The Blood Type Diet

Peter J. D’Adamo, a naturopathic physician, created the Blood Type Diet in 1996. According to his theory, is everyones personal blood type responsible for how well we get along with certain foods. The reason are specific proteins in definite foods. Protein intolerance could supposedly lead to a defense response followed by blood clumping. This reaction can lead to overweight, thyroid dysfunction and digestive problems.

Eat Right For Your Blood Type

The individualized diet solution to staying healthy, living longer and achieving your ideal weight. Adamo writes that our blood types originated in prehistoric times.

  • Type O came from people who were hunter/gatherers and had acidic stomachs for digesting meat.
  • Type A originated between 25,000 and 15,000 B.C. in farmers who had a lower stomach acid level for digesting grains and legumes.
  • Type B originated between 10,000 and 15,000 B.C in nomads who ate the meat and dairy of cattle, goats, and sheep.
  • Type AB was an amalgam of A and B.

D’Adamo suggested that modern people benefit greatly from eating the foods according to their blood types. For example, dairy is healthful for Type B’s but not Type A or O. Red meat should be eaten by Type O’s but not by Type A’s. With regard to beverages, coffee is good for Type A’s and AB’s, but not for Type O’s. This diet plan has met with some resistance from Type O vegetarians and Type A meat eaters in particular.

D’Adamo tells them that some foods outside their blood type might prove to be beneficial in improving their strength and cholesterol levels. The ideal diet, D’Adamo notes, includes herbs and regular exercise, based on blood type. While types A and AB do better with yoga, brisk walking or swimming, Types O and B benefit from vigorous exercise. He concludes that yoga is useful for all four types, but types O and B should combine it with more high-intensity exercise such as aerobics, martial arts, cycling or jogging.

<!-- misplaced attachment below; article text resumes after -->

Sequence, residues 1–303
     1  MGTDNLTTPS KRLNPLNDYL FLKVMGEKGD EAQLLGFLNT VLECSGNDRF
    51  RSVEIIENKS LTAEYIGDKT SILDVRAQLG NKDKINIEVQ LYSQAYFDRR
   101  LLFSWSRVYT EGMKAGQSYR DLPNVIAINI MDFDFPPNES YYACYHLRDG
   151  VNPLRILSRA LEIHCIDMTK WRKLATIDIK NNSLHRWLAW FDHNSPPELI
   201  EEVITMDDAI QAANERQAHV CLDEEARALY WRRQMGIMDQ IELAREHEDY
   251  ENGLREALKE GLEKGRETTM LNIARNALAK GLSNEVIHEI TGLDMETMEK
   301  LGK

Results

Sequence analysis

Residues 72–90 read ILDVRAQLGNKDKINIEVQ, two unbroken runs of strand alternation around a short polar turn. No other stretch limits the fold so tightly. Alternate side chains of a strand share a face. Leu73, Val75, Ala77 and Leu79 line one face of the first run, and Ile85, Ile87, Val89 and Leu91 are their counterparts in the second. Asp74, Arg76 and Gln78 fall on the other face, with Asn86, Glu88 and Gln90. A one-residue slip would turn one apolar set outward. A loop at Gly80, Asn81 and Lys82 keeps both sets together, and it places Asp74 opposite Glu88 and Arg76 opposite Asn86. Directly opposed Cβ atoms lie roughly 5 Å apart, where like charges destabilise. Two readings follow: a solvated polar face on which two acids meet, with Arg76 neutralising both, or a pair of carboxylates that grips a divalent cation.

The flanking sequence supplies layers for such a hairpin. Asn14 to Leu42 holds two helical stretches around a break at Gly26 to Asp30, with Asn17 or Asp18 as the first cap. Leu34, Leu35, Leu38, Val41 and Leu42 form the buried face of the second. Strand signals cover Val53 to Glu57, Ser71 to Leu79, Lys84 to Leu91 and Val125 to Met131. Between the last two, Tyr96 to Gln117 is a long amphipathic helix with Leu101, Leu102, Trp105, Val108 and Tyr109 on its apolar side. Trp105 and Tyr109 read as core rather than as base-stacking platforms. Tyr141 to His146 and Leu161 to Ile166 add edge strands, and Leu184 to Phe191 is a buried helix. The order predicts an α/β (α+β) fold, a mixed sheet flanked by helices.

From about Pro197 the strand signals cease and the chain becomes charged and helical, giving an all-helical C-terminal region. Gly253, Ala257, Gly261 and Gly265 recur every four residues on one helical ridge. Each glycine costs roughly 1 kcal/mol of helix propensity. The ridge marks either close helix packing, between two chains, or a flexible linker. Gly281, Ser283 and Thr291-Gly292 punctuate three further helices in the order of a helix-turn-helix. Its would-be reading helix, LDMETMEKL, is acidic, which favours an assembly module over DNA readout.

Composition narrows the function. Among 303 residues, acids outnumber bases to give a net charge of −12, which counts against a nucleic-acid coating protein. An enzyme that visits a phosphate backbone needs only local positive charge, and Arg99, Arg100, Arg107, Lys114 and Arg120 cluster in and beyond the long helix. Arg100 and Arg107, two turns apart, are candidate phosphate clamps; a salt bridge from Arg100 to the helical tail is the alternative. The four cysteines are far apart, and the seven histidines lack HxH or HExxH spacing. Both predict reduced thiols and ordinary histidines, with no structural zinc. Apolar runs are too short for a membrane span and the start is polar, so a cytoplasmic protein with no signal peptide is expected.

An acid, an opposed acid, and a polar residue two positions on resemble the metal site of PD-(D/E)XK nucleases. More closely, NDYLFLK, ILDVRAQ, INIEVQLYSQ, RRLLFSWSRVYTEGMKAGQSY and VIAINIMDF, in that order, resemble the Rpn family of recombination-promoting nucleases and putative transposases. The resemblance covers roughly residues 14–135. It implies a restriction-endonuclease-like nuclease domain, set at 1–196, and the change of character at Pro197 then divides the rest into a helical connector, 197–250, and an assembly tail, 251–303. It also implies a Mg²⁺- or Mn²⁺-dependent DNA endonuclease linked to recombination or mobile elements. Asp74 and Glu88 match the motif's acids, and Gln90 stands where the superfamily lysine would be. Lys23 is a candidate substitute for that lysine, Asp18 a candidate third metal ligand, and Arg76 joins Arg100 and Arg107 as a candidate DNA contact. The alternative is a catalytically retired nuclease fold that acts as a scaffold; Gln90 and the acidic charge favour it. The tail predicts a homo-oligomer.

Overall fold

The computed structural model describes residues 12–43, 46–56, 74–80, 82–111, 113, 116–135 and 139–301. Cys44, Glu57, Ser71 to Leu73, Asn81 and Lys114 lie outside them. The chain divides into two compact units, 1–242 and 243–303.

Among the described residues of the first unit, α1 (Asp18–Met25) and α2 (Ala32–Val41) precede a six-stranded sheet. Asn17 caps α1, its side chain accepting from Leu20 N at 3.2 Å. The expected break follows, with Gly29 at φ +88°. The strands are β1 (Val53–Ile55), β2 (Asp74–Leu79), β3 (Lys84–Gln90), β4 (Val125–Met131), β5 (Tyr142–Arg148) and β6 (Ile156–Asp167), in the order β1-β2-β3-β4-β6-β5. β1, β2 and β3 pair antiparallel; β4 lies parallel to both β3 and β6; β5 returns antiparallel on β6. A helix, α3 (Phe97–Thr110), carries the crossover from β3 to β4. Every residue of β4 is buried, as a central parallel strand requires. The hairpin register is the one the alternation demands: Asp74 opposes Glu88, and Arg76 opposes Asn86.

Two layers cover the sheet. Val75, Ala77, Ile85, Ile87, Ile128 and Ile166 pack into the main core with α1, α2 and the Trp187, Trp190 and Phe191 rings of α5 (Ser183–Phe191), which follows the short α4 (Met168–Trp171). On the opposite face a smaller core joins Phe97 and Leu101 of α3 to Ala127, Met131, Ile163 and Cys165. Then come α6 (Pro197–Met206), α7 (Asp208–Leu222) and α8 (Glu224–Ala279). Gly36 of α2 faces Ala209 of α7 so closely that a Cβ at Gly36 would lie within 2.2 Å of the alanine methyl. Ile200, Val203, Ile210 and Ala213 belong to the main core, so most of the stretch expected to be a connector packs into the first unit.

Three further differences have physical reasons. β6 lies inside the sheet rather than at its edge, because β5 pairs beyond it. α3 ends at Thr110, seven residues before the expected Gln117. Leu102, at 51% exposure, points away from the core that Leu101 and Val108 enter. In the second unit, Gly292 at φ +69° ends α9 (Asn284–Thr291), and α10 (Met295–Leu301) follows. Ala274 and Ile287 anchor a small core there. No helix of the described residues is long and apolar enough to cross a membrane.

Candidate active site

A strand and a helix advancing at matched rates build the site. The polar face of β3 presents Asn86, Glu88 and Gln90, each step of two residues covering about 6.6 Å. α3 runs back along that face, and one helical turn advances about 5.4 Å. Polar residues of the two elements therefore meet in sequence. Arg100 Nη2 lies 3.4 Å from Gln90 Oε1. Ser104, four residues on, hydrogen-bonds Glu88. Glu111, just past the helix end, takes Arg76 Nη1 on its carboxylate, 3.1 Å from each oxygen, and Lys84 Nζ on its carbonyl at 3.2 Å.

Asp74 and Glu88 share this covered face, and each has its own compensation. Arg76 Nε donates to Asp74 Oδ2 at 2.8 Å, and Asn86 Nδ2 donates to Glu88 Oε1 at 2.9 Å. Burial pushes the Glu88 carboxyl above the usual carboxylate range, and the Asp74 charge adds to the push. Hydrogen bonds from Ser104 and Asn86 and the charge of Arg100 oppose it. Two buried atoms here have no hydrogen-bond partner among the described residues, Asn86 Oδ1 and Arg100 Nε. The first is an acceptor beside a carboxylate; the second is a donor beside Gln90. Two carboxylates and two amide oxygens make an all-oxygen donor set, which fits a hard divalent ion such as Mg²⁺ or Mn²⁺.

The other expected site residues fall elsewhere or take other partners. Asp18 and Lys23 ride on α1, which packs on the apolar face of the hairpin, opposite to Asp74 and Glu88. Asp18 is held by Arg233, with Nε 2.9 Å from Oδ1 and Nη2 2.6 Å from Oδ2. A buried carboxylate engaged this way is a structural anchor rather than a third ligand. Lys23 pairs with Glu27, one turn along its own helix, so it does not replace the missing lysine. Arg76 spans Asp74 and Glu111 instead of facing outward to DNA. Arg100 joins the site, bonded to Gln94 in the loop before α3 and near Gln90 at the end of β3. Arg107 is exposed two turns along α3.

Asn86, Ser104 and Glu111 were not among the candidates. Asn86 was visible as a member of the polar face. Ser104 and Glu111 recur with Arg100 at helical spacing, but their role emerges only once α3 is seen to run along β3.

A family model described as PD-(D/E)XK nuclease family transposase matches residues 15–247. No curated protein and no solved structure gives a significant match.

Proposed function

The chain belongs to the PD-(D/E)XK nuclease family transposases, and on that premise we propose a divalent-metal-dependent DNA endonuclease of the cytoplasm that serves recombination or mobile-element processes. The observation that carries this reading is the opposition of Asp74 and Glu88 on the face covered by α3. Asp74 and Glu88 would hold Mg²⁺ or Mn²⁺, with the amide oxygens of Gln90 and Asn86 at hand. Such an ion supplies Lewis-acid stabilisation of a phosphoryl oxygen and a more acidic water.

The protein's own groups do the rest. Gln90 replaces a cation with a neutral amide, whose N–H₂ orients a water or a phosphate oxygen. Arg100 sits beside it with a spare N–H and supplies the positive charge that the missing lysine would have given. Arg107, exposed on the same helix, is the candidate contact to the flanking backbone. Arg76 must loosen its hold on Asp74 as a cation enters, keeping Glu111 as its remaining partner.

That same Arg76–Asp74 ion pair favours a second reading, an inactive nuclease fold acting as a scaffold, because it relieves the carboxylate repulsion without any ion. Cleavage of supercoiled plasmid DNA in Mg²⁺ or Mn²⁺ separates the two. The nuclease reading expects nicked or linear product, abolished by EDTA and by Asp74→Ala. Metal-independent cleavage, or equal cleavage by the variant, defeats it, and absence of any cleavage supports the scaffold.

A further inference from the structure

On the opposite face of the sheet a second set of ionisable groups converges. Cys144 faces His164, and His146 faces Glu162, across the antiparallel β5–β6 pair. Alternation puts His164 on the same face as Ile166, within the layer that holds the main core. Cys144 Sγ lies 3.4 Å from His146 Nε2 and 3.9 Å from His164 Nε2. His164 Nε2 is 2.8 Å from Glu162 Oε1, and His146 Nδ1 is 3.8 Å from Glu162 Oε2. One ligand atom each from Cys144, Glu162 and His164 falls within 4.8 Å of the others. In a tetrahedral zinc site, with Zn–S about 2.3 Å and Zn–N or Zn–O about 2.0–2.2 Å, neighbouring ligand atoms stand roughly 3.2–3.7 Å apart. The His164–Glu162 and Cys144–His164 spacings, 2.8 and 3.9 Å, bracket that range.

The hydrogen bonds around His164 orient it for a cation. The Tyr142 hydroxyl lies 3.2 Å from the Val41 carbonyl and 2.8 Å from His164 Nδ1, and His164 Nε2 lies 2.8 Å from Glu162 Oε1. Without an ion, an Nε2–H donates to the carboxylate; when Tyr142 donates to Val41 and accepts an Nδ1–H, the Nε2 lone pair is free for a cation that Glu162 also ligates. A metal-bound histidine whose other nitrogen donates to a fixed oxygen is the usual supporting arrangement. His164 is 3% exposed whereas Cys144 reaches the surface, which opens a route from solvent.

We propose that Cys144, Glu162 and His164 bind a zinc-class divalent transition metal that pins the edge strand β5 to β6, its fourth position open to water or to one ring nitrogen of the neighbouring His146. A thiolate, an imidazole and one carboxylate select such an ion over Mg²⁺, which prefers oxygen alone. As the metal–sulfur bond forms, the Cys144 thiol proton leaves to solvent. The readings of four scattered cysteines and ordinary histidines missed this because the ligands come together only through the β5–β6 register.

Critics argue that there is no scientific evidence that supports D’Adamo’s claims. They note that there has never been a controlled study on blood type diets. D’Adamo’s theory is based solely on his institution and anecdotal stories. It has its roots in the study of lectins, proteins found on the surface of certain foods that can cause various molecules and some types of cells to stick together.

He suggested that lectin proteins are similar enough to one type of blood antigen to cause the antigens of another blood type to produce antibodies to attack and agglutinate (glue together), clumping the blood.

D’Adamo claims that this contributes to

  • irritable bowel syndrome
  • cirrhosis of the liver
  • kidney failure

depending on the food protein and the blood type. Most people do not eat according to their blood type and, according to D’Adamo, are eating the wrong foods. If his theory was correct, however, practically everyone would experience a build up of agglutinated red cells after meals and quickly get clogging in the heart, lungs, kidneys, brain, eyes, and other essential organs. These organs would be damaged beyond repair, resulting in death in millions of people. Pathologists and other medical scientists have never reported this happening in humans.

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